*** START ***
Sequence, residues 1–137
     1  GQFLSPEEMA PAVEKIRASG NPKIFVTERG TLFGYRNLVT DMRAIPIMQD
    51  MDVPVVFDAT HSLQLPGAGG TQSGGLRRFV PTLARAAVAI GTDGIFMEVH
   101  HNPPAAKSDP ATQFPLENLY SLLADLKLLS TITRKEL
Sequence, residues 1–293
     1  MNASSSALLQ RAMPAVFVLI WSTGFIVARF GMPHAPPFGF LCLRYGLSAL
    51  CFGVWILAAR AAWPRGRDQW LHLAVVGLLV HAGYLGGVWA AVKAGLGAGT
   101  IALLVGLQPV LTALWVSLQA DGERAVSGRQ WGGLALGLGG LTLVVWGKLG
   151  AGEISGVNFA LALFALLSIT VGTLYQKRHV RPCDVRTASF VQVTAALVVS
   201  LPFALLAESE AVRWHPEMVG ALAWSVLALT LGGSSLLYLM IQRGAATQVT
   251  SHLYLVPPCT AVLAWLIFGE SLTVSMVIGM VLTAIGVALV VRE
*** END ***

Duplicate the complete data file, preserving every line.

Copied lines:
Sequence, residues 1–137
     1  GQFLSPEEMA PAVEKIRASG NPKIFVTERG TLFGYRNLVT DMRAIPIMQD
    51  MDVPVVFDAT HSLQLPGAGG TQSGGLRRFV PTLARAAVAI GTDGIFMEVH
   101  HNPPAAKSDP ATQFPLENLY SLLADLKLLS TITRKEL
Sequence, residues 1–293
     1  MNASSSALLQ RAMPAVFVLI WSTGFIVARF GMPHAPPFGF LCLRYGLSAL
    51  CFGVWILAAR AAWPRGRDQW LHLAVVGLLV HAGYLGGVWA AVKAGLGAGT
   101  IALLVGLQPV LTALWVSLQA DGERAVSGRQ WGGLALGLGG LTLVVWGKLG
   151  AGEISGVNFA LALFALLSIT VGTLYQKRHV RPCDVRTASF VQVTAALVVS
   201  LPFALLAESE AVRWHPEMVG ALAWSVLALT LGGSSLLYLM IQRGAATQVT
   251  SHLYLVPPCT AVLAWLIFGE SLTVSMVIGM VLTAIGVALV VRE